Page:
E67.0 - Hypervitaminosis A
|Short Description:||Hypervitaminosis A|
|Long Description:||Hypervitaminosis A|
|Status:||Valid for Submission|
E67.0 is a billable ICD-10 code used to specify a medical diagnosis of hypervitaminosis a. The code is valid during the fiscal year 2023 from October 01, 2022 through September 30, 2023 for the submission of HIPAA-covered transactions.
The following clinical terms are approximate synonyms or lay terms that might be used to identify the correct diagnosis code:
- Benign intracranial hypertension
- Benign intracranial hypertension due to hypervitaminosis A
- Excessive intake of vitamin A and/or vitamin A derivative
- Hypervitaminosis A
- Neurological disorder due to excess intake of micronutrients
- Hypervitaminosis A-. a symptom complex resulting from ingesting excessive amounts of vitamin a.
- Vitamins-. organic substances that are required in small amounts for maintenance and growth, but which cannot be manufactured by the human body.
Index to Diseases and Injuries References
The Index to Diseases and Injuries is an alphabetical listing of medical terms, with each term mapped to one or more ICD-10 code(s). The following references for this diagnosis code are found in the injuries and diseases index:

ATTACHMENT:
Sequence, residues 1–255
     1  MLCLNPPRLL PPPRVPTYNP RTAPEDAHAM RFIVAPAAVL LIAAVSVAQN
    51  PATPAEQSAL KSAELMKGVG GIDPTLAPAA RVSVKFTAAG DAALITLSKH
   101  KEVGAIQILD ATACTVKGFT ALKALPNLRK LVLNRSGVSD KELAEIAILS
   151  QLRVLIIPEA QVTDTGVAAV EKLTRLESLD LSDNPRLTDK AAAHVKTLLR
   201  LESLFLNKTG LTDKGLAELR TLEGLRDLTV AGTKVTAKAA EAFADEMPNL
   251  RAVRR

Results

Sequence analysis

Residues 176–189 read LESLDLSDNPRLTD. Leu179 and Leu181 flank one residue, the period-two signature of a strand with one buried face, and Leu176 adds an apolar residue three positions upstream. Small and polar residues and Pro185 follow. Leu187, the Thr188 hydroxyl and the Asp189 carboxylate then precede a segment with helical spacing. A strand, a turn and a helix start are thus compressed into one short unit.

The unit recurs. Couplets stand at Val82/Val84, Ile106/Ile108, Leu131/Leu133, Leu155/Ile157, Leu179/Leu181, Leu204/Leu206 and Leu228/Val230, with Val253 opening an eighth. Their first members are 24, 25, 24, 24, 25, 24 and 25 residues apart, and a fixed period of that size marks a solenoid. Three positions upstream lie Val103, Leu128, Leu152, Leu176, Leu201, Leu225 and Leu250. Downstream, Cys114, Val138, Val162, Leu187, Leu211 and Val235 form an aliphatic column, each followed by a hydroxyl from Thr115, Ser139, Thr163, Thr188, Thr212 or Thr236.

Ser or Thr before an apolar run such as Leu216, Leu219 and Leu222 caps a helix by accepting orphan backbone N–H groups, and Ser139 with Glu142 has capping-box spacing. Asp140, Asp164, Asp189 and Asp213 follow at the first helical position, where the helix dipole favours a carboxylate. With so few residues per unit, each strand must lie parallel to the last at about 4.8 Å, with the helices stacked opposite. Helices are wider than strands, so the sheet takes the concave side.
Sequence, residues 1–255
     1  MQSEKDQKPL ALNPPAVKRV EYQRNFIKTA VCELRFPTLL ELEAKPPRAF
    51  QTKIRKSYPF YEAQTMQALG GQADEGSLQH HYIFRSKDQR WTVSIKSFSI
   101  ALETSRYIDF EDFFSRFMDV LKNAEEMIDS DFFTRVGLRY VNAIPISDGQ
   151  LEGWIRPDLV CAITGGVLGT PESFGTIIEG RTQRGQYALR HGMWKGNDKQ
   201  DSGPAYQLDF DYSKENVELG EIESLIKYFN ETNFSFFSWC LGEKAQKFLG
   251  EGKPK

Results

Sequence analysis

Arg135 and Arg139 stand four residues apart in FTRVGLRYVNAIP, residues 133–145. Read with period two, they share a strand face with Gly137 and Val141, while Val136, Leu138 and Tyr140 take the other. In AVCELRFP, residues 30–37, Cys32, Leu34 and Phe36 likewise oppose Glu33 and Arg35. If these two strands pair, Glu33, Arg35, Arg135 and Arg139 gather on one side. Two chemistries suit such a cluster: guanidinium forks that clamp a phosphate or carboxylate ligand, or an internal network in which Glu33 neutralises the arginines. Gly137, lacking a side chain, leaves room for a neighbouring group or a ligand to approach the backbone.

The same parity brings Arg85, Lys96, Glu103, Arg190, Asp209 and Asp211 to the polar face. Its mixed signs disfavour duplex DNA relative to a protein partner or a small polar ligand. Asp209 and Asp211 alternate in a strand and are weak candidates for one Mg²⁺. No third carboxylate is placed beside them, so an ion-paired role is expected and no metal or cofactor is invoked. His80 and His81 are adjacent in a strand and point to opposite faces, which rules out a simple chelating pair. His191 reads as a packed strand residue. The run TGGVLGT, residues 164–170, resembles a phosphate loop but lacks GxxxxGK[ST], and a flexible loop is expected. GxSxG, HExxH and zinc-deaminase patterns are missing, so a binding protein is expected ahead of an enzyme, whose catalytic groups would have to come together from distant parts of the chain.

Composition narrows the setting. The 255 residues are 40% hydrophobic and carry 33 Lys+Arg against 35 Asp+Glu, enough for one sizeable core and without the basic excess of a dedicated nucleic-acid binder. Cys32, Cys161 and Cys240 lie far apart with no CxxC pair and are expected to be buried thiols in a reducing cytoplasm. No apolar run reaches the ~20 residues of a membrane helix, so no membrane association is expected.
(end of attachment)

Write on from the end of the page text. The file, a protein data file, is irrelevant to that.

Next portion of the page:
- - Excess, excessive, excessively
- - vitamin
- - A (dietary) - E67.0
- - vitamin
- - Hyperalimentation - R63.2
- - Hypervitaminosis (dietary) NEC - E67.8
- - A - E67.0
Convert to ICD-9 Code
|Source ICD-10 Code||Target ICD-9 Code|
|E67.0||278.2 - Hypervitaminosis a|
Vitamins are substances that your body needs to grow and develop normally. Vitamin A plays a role in your:
- Bone growth
- Cell functions
- Immune system
Vitamin A is an antioxidant. It can come from plant or animal sources. Plant sources include colorful fruits and vegetables. Animal sources include liver and whole milk. Vitamin A is also added to foods like cereals.
Vegetarians, young children, and alcoholics may need extra Vitamin A. You might also need more if you have certain conditions, such as liver diseases, cystic fibrosis, and Crohn's disease. Check with your health care provider to see if you need to take vitamin A supplements.
NIH: National Institutes of Health Office of Dietary Supplements
[Learn More in MedlinePlus]
- FY 2023 - No Change, effective from 10/1/2022 through 9/30/2023
- FY 2022 - No Change, effective from 10/1/2021 through 9/30/2022
- FY 2021 - No Change, effective from 10/1/2020 through 9/30/2021
- FY 2020 - No Change, effective from 10/1/2019 through 9/30/2020
- FY 2019 - No Change, effective from 10/1/2018 through 9/30/2019
- FY 2018 - No Change, effective from 10/1/2017 through 9/30/2018
- FY 2017 - No Change, effective from 10/1/2016 through 9/30/2017
- FY 2016 - New Code, effective from 10/1/2015 through 9/30/2016 (First year ICD-10-CM implemented into the HIPAA code set)